apiVersion: quay.redhat.com/v1 kind: QuayRegistry metadata: name: some-quay spec: components: - kind: route managed: false
Disabling the default
Route means you are now responsible for creating a
Ingress in order to access the Quay instance and that whatever DNS you use must match the
SERVER_HOSTNAME in the Quay config.
7.1.4. Resizing Managed Storage
The Quay Operator creates default object storage using the defaults provided by RHOCS when creating a
NooBaa object (50 Gib). There are two ways to extend this storage; you can resize an existing PVC or add more PVCs to a new storage pool.
188.8.131.52. Resize Noobaa PVC
Log into the OpenShift console and select
Persistent Volume Claims.
From the Action menu, select
Enter the new size of the Persistent Volume Claim and select
After a few minutes (depending on the size of the PVC), the expanded size should reflect in the PVC’s
Expanding CSI volumes is a Technology Preview feature only. For more information, see https://access.redhat.com/documentation/en-us/openshift_container_platform/4.6/html/storage/expanding-persistent-volumes.
184.108.40.206. Add Another Storage Pool
Log into the OpenShift console and select
Routes. Make sure the
openshift-storageproject is selected.
Click on the
Locationfield for the
- Log into the Noobaa Management Console.
On the main dashboard, under
Storage Resources, select
Add Storage Resources.
Deploy Kubernetes Pool
Enter a new pool name. Click
Choose the number of Pods to manage the pool and set the size per node. Click
After a few minutes, the additional storage pool will be added to the Noobaa resources and available for use by Red Hat Quay.
7.1.5. Disabling the Horizontal Pod Autoscaler
If you wish to disable autoscaling or create your own
HorizontalPodAutoscaler, simply specify the component as unmanaged in the
apiVersion: quay.redhat.com/v1 kind: QuayRegistry metadata: name: some-quay spec: components: - kind: horizontalpodautoscaler managed: false
7.1.6. Customizing Default Operator Images
Using this mechanism is not supported for production Quay environments and is strongly encouraged only for development/testing purposes. There is no guarantee your deployment will work correctly when using non-default images with the Quay Operator.
In certain circumstances, it may be useful to override the default images used by the Operator. This can be done by setting one or more environment variables in the Quay Operator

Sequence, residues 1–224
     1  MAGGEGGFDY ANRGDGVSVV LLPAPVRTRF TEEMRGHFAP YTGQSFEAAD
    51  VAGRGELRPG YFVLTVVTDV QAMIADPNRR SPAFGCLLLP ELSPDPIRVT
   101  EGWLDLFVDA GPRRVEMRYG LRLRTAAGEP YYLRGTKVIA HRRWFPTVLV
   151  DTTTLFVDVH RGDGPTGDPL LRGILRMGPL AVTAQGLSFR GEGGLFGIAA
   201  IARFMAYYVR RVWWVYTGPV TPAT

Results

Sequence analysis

220.127.116.11. Environment Variables
The following environment variables are used in the Operator to override component images:
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Override images must be referenced by manifest (@sha256:), not by tag (:latest).
18.104.22.168. Applying Overrides to a Running Operator
When the Quay Operator is installed in a cluster via the Operator Lifecycle Manager (OLM), the managed component container images can be easily overridden by modifying the
ClusterServiceVersion object, which is OLM’s representation of a running Operator in the cluster. Find the Quay Operator’s
ClusterServiceVersion either by using a Kubernetes UI or
$ oc get clusterserviceversions -n <your-namespace>
Using the UI,
oc edit, or any other method, modify the Quay
ClusterServiceVersion to include the environment variables outlined above to point to the override images:
- name: RELATED_IMAGE_COMPONENT_QUAY value: quay.io/projectquay/quay@sha256:c35f5af964431673f4ff5c9e90bdf45f19e38b8742b5903d41c10cc7f6339a6d - name: RELATED_IMAGE_COMPONENT_CLAIR value: quay.io/projectquay/clair@sha256:70c99feceb4c0973540d22e740659cd8d616775d3ad1c1698ddf71d0221f3ce6 - name: RELATED_IMAGE_COMPONENT_POSTGRES value: centos/postgresql-10-centos7@sha256:de1560cb35e5ec643e7b3a772ebaac8e3a7a2a8e8271d9e91ff023539b4dfb33 - name: RELATED_IMAGE_COMPONENT_REDIS value: centos/redis-32-centos7@sha256:06dbb609484330ec6be6090109f1fa16e936afcf975d1cbc5fff3e6c7cae7542
Note that this is done at the Operator level, so every QuayRegistry will be deployed using these same overrides.
- For more details on the Red Hat Quay Operator, see the upstream quay-operator project.